Cheryl Chan scuba diving

Cheryl Chan, a graduate student in the Faculty of Environment

Attempts to protect fish stocks in Jamaica are having a significant impact on the communities that have relied on fishing for generations, says a Waterloo researcher.

Cheryl Chan, a graduate student in Waterloo’s School of Environment, Resources and Sustainability (SERS), has created a video to explain how marine protected areas (MPAs) have impacted the well-being of people in Bluefield, Jamaica. Her research shows that some of the effects include conflict, food insecurity and mental health issues.

“Fishing is such a huge part of the culture,” Chan explained. “To say, ‘You can’t do this anymore’ not only takes away from people’s livelihoods, it also just really makes them question what their future is going to look like.”

Chan’s video has been selected as a finalist in the Social Sciences and Humanities Research Council (SSHRC) Storytellers competition. The competition invites post-secondary students from across Canada to explain, in 3-minutes or 300 words, how a SSHRC-funded research project is improving life for Canadians.

Chan, who was also a was runner up in the University’s 2016 3MT competition, said she enjoyed the challenge of pushing beyond her comfort zone. “I’d never done anything like this before, but I’d never done anything like the 3MT either. You just have to believe that you can do it.”

According to her graduate supervisor Derek Armitage, Chan’s well-being focus provides new insights into the relationships between people and protected areas that are important for planning and management. “Countries around the world, including Canada, are trying to protect 10% of their marine space by 2020,” he said. “Cheryl's research highlights how these efforts are not likely to be successful in the long-term without careful attention to the economic and social wellbeing of adjacent communities.”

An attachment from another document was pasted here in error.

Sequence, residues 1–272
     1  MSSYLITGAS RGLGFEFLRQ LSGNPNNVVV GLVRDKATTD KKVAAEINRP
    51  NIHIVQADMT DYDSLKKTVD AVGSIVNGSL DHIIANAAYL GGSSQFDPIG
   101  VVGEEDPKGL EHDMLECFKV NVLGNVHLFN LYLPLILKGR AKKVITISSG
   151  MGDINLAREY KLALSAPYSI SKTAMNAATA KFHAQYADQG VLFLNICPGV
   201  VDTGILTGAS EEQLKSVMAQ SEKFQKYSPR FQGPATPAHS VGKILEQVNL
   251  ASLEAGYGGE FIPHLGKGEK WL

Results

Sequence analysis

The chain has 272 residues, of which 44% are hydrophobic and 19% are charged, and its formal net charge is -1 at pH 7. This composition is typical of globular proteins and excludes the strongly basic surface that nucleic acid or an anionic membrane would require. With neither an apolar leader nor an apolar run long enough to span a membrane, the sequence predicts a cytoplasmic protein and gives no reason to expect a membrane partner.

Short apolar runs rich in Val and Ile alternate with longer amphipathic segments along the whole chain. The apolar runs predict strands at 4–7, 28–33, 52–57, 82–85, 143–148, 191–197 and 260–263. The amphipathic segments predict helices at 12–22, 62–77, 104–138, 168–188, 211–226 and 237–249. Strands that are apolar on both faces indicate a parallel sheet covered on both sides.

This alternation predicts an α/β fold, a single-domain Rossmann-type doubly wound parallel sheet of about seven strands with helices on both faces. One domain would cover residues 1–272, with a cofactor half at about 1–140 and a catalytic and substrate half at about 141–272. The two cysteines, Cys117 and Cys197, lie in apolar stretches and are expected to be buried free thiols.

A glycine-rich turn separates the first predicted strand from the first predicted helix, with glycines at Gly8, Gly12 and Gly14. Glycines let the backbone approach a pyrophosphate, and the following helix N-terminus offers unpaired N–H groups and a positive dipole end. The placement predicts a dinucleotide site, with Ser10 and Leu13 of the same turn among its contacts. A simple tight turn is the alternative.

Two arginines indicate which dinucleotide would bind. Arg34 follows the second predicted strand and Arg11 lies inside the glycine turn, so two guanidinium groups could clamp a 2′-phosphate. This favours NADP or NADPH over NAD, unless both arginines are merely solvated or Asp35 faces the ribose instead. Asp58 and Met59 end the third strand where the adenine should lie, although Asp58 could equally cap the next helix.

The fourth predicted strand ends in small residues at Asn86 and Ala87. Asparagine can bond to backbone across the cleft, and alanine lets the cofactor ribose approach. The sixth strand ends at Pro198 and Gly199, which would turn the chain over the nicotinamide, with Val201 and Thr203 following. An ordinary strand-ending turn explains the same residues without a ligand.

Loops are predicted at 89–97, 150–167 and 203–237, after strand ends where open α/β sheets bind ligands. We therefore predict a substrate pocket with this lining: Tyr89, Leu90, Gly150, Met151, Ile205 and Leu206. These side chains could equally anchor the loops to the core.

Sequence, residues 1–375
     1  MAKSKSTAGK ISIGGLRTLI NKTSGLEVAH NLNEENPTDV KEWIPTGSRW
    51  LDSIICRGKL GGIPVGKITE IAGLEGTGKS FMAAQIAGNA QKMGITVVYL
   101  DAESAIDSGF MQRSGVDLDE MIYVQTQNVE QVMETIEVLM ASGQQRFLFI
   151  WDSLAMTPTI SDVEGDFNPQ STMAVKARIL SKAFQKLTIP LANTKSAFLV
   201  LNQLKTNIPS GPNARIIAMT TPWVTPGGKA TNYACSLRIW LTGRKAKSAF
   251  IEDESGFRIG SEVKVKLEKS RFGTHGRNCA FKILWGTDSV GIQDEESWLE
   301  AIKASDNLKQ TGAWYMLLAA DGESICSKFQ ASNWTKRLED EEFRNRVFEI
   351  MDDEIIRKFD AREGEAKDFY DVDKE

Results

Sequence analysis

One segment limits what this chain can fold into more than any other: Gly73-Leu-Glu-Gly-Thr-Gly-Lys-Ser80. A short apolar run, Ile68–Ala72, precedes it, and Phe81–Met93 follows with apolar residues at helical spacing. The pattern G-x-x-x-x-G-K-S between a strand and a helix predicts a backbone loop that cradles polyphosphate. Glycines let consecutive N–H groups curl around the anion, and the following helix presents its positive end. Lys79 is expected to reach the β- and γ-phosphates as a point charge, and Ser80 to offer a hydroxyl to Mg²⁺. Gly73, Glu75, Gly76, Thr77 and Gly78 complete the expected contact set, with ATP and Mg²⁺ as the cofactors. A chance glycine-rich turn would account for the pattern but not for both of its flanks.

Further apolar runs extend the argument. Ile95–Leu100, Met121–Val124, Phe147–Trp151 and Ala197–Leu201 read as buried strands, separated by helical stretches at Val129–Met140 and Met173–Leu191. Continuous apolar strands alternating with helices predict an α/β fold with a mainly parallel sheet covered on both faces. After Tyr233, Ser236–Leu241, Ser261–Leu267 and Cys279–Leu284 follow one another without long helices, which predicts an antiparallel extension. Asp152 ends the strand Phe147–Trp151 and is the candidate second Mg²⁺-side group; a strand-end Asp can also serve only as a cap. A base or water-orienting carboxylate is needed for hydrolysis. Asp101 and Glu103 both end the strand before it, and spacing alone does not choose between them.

The Storytellers competition challenges young researchers to clearly communicate the importance of their research in a creative, innovative and compelling fashion, using video, audio, text or an infographic.

“It is wonderful to see SSHRC send a clear signal to the next generation of researchers about the importance of sharing knowledge in ways that are accessible,” said Armitage. “And in ways that reflect the contributions of social scientists to the pressing challenges facing Canada.”

For making the Top 25 cut, Chan will receive a cash prize of $3000, an invitation to attend a research communications master class at Congress 2017 and an opportunity to present her work in front of a live audience at the Storytellers Showcase. If she is one of the top five presenters, she’ll be invited to the SSHRC Impact Awards this fall.

Previous Storytellers finalists from the University of Waterloo include Games Institute PhD candidate Steve Wilcox (2013), English PhD candidate Emma Vosen (2016) and SERS MES candidate Noori Khan (2016).